Writing Style Guide for Geotimes
Writing an article for Geotimes? Want to submit an article?
Before submitting a story for review, we suggest you contact our editors first at email@example.com, with a detailed description of the story you would like to write. Geotimes reports news and trends in the geosciences. Our readers want concise summaries of new developments and the implications of evolving trends in your discipline. Our goal is to publish easy-to-read features that address current topics. We do not have room for in-depth coverage and complex details.
Try to place your research in a larger context if possible. As you’re writing, ask yourself:
· How does my research affect or contribute to my discipline?
· How does my research affect people’s lives?
· What specific features of my research would interest a geoscientist in another discipline?
· What makes my work unusual?
· What is current about my work? How does it fit into larger changes occurring in my discipline?
One article won’t answer all of these questions; but even answering one or two of them can place your research in a larger context.
The tone of the article should be informal, as befits a newsmagazine. First-person narrative and personal experience, perception, observation and anecdotes relating to your topic are welcome. Use simple, lively language and short sentences; rather than long, formal sentences.
Try to write in active voice as much as possible. The verbs are italicized in the following examples:
The images were taken three times per day by the satellite.
The satellite imaged the island three times per day.
We will edit your work. For many mechanical decisions such as punctuation and spelling, Geotimes follows the Associated Press Stylebook and Webster’s New World Dictionary. For geological usage, you may refer to the U.S. Geological Survey publication Suggestions to Authors, 7th edition. We edit content for clarity, cohesiveness and readability. We aim to enhance your writing, not change the content or your science.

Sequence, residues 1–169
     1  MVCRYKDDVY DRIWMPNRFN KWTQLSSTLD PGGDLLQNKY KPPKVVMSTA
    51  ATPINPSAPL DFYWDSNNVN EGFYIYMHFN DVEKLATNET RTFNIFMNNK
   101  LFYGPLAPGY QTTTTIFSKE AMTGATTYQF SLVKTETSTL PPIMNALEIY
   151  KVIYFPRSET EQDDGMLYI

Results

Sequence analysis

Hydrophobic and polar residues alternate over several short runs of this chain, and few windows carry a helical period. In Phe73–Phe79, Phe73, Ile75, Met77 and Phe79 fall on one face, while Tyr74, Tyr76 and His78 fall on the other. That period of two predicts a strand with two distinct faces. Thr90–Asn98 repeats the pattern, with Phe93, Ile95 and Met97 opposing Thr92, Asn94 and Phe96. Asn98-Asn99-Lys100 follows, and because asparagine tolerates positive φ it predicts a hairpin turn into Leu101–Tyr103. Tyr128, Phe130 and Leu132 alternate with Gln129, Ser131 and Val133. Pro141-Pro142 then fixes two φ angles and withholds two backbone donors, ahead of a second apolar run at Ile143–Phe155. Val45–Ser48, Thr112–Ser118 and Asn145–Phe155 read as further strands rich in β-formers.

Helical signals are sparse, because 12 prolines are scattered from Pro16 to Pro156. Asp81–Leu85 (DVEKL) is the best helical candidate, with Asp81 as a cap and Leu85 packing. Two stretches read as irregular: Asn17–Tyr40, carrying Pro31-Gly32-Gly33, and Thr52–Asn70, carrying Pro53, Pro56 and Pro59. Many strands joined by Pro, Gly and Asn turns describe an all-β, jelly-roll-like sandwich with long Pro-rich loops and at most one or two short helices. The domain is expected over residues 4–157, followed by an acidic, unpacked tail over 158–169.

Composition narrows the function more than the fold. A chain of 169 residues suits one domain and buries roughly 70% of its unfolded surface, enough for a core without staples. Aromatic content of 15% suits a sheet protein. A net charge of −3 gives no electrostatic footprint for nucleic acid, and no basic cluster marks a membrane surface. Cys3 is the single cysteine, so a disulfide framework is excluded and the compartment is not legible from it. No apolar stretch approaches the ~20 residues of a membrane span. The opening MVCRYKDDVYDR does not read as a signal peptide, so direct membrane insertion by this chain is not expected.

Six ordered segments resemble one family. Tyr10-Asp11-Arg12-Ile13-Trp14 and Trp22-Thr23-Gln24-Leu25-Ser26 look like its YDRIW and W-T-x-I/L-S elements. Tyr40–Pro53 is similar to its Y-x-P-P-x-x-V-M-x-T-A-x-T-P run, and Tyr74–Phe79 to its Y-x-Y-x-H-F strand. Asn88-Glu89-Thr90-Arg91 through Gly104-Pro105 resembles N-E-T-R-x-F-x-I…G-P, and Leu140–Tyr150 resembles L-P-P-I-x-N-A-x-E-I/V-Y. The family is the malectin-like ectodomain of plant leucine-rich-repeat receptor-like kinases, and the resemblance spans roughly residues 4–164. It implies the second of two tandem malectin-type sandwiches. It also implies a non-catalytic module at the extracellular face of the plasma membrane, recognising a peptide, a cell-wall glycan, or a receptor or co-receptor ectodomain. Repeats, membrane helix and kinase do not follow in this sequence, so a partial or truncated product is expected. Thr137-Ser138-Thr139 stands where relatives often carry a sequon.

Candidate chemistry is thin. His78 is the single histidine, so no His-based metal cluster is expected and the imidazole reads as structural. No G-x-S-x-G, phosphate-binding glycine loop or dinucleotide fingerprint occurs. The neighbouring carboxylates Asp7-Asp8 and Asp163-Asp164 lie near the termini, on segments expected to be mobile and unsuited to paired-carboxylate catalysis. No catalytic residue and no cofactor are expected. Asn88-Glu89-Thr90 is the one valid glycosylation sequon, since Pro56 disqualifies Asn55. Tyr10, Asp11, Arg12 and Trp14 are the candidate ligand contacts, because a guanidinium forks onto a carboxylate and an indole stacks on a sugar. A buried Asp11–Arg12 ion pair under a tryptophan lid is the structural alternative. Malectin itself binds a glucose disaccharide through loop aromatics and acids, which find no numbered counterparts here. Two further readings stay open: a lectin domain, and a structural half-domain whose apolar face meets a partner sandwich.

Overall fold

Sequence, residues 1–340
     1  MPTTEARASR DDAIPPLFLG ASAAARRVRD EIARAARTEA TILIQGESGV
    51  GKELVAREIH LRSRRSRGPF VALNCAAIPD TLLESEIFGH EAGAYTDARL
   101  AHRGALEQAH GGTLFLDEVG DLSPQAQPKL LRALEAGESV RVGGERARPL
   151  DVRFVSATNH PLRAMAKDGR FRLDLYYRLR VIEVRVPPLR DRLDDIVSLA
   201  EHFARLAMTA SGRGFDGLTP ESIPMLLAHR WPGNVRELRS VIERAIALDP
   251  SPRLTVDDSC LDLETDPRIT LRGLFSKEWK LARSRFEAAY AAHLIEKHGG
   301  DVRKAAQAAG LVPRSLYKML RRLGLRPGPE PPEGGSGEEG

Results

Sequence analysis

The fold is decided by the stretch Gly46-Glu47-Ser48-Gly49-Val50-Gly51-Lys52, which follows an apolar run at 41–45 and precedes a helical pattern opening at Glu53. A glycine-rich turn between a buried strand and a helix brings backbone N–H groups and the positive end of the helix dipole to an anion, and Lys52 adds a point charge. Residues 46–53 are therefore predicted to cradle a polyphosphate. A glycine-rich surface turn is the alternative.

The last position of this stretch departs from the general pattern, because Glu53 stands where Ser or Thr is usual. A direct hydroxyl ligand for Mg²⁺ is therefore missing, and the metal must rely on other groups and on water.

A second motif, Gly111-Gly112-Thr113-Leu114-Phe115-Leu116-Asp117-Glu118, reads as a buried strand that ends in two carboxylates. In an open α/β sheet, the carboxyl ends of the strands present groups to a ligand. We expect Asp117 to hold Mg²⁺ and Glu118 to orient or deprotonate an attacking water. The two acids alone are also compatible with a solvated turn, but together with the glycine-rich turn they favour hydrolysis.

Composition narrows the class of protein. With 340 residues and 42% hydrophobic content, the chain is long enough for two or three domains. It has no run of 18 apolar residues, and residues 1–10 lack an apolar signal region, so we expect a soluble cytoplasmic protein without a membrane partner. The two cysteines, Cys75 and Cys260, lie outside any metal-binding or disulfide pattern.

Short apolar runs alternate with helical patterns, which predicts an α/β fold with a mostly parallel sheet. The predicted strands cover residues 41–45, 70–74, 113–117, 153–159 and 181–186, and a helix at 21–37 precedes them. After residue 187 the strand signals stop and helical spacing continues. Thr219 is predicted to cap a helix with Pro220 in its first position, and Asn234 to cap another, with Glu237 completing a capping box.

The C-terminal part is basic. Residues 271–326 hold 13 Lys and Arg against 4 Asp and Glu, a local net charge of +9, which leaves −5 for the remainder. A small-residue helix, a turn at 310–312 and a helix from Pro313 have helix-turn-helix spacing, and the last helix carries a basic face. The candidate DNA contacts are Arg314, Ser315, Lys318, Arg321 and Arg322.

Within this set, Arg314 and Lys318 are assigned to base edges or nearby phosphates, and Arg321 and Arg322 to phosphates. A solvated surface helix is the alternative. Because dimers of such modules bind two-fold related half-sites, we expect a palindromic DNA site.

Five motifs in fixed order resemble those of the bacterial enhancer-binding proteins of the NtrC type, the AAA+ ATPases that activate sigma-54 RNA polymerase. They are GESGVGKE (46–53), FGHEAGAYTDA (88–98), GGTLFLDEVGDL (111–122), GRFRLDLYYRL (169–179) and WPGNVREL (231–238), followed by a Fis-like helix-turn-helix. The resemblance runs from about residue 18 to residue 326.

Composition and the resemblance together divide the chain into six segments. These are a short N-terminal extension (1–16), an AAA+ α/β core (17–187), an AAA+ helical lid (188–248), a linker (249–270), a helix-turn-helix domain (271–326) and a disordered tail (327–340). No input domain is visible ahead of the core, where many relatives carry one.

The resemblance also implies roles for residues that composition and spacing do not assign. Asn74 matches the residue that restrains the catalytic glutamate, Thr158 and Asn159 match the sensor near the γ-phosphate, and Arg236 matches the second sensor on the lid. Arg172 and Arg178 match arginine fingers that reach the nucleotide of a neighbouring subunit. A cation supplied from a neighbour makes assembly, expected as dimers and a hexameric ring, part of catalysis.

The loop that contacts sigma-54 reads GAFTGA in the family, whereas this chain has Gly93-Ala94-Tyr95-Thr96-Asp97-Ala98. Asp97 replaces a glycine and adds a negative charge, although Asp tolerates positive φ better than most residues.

Audience: The important idea to keep in mind while writing is how your intended audience will receive your message. Geotimes caters to professional and academic geoscientists and lay people who have an interest in science. You should try to explain jargon and concepts that are specific to your discipline, and in general try to limit use of unnecessary jargon. We also want to reach university geoscience students (young geoscientists), so keep them in mind as well. Feel free to contact the managing editor if you have questions as you’re writing.
The more we have to choose from, the better your article will look. Send as many as possible; they will be returned. Normally do not use figure callouts. We prefer figures that can stand by themselves.
Photographs and slides: Please send color photographs when possible. We can scan slides and photos at Geotimes, and we’ve found that scans made from slides work best.
Digital art: We prefer digital art, as long as it meets the following requirements:
· Has been scanned in or created at a resolution of at least 300 dots per inch (dpi). Large photos that are 72 dpi (the usual resolution of photos posted on Web sites) can be shrunk down to 30 percent their original size; but they have to be very large so that we don’t end up with thumbnail-sized art.
· Saved as TIFF, JPEG or EPS files
Sending digital art: You can send your art to us on CD or direct us to an ftp site. You may also email the files directly to the managing editor, if size permits. Contact the managing editor for instructions.
Drawings and maps: These make good illustrations, as long as the lines and lettering are distinct (resolutions of 1,000 to 1,200 dots per inch, or dpi) and the background is white.
Captions: Please include caption information (describing details of the photo such as its location or the significance of specific features) and credit lines for all illustrations submitted.
Length: Feature stories should be 1,800 to 2,200 words long. If your manuscript exceeds this length, please indicate potential areas for cutting.
References: If references are necessary, please work the material into your manuscript in an informal style. For example, "In an article published in the June 4, 1999, issue of Science, Dr. Researcher reported that …” In general, try to limit reference usage in the main text.
Additional Reading section: We like to receive about four bibliographic references for readers who want more information on your subject. These references will be listed at the end of the article online.
Biography: Please provide two or three short sentences that relate your background, research and interests. Let us know how you got into the topic of the story.
Footnotes: Do not use footnotes.
Abbreviations and acronyms: Do not use abbreviations. Spell out state names, measurement terms and technical terms. Use acronyms only if the first reference has been spelled out.
Names of persons: Use full names of individuals and include professional affiliation and country if outside the United States.
Please email any story queries to firstname.lastname@example.org. If your proposal is accepted, you will correspond with the managing editor via email.
Thanks for writing!
Freelance Science Writer's Guidelines
If you are interested in writing a story for Geotimes, we suggest first contacting the editors at email@example.com, with a query letter, outlining your story proposal. All rates and word counts are assigned on a case-by-case basis.